You’ve seen them at the mall, on city streets, or walks in the park: Leashes for kids, a parent's last defense against busy toddlers who like to sprint away at a moment’s notice. Sometimes called toddler safety leashes, depending on the brand, they’re essentially a squishy, brightly colored form of baby handcuff. But are leashes for children safe to use?
“As a child therapy expert, my sense is they don't cause any real psychological harm and that our strong reactions to them are more about cultural norms than about any actual or lasting effects on the child's psychology,” therapist Brooke Sprowl, LCSW, tells Romper. “Of the scarce research that has been conducted, none suggests that child leashes do cause physical or psychological harm."
Of course, people tend to have a strong reaction to leashes in general because we're used to seeing dogs leashed, not children. “If it were culturally normative to leash children I don't think anyone would have such a strong reaction to them and I can't imagine children themselves expressing shame or humiliation about being leashed. If that were happening, we would know, and it would be a different story,” adds Sprowl.
For parents of children with special needs, multiple children, or children that run any time a parent looks away for a split second, Sprowl thinks child leashes are a good solution to keep them safe.
Shelli Dry, a pediatric therapist, tends to believe the same, albeit with some caveats.
“The first area to consider would be the purpose of the tether. Is it required for safety in an impulsive child or a child with special needs? When safety is a concern, it should take priority, however there are guidelines that should be followed,” Dry explains.
The child's age also needs to be taken into consideration. “The use of a tether can be effective in maintaining safety in a younger child, but other methods may need to be considered in the elementary age group,” she says.
Janice Robinson-Celeste, an early childhood specialist, daycare owner, and parenting author, agrees.
“As an early childhood specialist and a parent, I've used a 'leash' for one out of three of my own children because she was the one that could not be contained in one area,” Robinson-Celeste tells Romper. “It is a safety precaution and is often necessary. I would rather her be on a safety harness than run into open traffic or off of a pier into the ocean. Many times these restraints help children who are perfecting walking to prevent terrible falls and head injuries. There were many times that I lifted my child mid-fall with these straps as if she was a marionette and prevented her from hitting her head on the pavement.”
How you use the leash is important to keep in mind. Dry explains that parents should never pull or tug. “That could lead to injury and harm to the child,” she says. “The danger with wrist tethers are that the child could pull away sharply and injure their shoulder or arm. Safer alternatives to the wrist tether would be the harness backpacks or a walking handle in which the child learns to hold a loop or plastic handle.”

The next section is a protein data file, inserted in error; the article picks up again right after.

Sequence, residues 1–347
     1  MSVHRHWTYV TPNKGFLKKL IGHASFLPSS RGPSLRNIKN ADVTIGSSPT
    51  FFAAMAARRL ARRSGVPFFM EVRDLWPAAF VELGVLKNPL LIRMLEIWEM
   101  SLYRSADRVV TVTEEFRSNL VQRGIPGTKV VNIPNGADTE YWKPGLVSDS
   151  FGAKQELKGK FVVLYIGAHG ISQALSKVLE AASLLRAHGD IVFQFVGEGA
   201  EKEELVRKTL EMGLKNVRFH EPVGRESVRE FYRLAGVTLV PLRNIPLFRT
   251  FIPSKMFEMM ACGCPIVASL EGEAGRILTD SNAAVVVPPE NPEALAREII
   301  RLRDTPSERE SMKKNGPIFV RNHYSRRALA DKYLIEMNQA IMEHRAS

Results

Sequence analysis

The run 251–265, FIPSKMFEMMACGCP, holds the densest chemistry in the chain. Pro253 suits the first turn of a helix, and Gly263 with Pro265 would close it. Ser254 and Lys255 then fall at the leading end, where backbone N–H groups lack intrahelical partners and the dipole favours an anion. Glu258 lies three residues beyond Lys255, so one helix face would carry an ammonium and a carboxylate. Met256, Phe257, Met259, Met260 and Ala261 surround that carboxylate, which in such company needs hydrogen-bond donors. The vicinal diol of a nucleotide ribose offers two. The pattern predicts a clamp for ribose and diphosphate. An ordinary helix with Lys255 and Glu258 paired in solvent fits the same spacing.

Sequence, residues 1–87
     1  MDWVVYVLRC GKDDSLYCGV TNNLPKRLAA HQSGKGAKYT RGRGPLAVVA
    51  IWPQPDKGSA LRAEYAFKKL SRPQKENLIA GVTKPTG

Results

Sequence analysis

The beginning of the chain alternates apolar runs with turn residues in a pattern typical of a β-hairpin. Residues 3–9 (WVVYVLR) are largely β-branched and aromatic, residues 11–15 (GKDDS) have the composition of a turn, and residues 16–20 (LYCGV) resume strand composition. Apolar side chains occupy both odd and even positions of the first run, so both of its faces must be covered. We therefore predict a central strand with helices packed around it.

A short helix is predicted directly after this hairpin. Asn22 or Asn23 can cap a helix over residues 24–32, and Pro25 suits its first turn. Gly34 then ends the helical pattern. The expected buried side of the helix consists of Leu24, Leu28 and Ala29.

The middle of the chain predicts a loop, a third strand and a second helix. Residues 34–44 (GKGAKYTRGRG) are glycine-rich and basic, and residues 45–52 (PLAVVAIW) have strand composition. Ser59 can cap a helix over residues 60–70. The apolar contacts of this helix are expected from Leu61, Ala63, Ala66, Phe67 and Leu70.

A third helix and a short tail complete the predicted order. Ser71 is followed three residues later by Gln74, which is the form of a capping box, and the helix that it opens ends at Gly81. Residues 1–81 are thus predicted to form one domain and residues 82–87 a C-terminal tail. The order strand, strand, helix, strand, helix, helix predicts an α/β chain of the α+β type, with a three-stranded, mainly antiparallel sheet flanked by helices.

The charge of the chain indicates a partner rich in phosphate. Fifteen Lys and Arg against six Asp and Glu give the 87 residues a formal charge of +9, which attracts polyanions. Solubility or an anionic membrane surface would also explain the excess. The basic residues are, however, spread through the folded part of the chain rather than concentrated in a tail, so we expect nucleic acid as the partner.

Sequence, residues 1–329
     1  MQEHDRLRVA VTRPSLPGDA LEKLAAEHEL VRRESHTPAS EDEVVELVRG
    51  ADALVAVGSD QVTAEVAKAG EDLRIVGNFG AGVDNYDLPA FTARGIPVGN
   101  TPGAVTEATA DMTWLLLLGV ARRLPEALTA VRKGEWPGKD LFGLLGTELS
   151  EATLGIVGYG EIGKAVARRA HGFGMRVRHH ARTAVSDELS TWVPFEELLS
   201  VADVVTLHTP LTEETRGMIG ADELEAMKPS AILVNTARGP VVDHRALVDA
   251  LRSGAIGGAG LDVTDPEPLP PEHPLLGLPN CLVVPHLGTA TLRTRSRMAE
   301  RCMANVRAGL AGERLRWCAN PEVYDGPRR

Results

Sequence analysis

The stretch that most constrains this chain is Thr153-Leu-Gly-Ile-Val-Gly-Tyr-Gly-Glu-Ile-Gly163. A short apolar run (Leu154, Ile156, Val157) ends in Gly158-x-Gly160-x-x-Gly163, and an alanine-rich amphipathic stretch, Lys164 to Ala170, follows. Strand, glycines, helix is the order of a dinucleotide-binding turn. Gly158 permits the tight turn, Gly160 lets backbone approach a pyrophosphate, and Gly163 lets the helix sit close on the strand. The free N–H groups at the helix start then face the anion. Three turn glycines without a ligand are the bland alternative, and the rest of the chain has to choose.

That’s where Robinson-Celeste sees opportunity with the tether concept. “These harnesses come in cute styles such as backpacks, butterfly wings, and other character shapes that make it fun for children to wear,” she says. “Young children have no idea that others look at these harnesses negatively and the children who wear these harnesses grow up to be just fine. Even preschools use safety ropes when they have groups of young children walking in public places.”
Another factor to consider is the necessity of a leash. “If the parent experiences a lot of anxiety and it interferes with them taking their children outdoors or on other events, but the tether increases the parents' feelings of competence and allows the child to go places with their parents, than tethering could be beneficial,” says Dry.
Regardless of whether you use a leash for our own peace of mind or to keep your rambunctious little one from running away, it should always be used to educate a child.
“Using a tether with a younger child should be a communication tool and teaching method to help children learn to stay beside their parent or caregiver,” says Dry. “The parent should express the loving desire to keep their child close by at all times. When the child learns to walk alongside the parent, than the use of the tether can be faded. In other words, use of a tether when used short term and in a loving manner as a teaching tool and for safety in a young child should not have a negative effect on the child.”
That said, you might still get a side-eye from passersby. Robinson-Celeste knows this feeling. “The worst part of using these harnesses and wrist links are the stares that you get from other people who don't understand that they are a safety precaution,” she says.
But there’s not much you can do about that. As Dry tells Romper, “Unfortunately as humans we cannot control other people's reactions and those reactions could negatively impact a child. So the stigma from being stared at or having your parents criticized could play a larger role in traumatizing the child than the correct use of a tether.”
Brooke Sprowl, LCSW, MyClinical director, therapist, and founder of LA Therapy
Janice Robinson-Celeste, early childhood specialist and former parent educator, daycare owner, published parenting author, owner of Ethnic Animations, and the publisher of Successful Black Parenting magazine
Shelli Dry, a pediatric therapist, and director of clinical operations at Enable My Child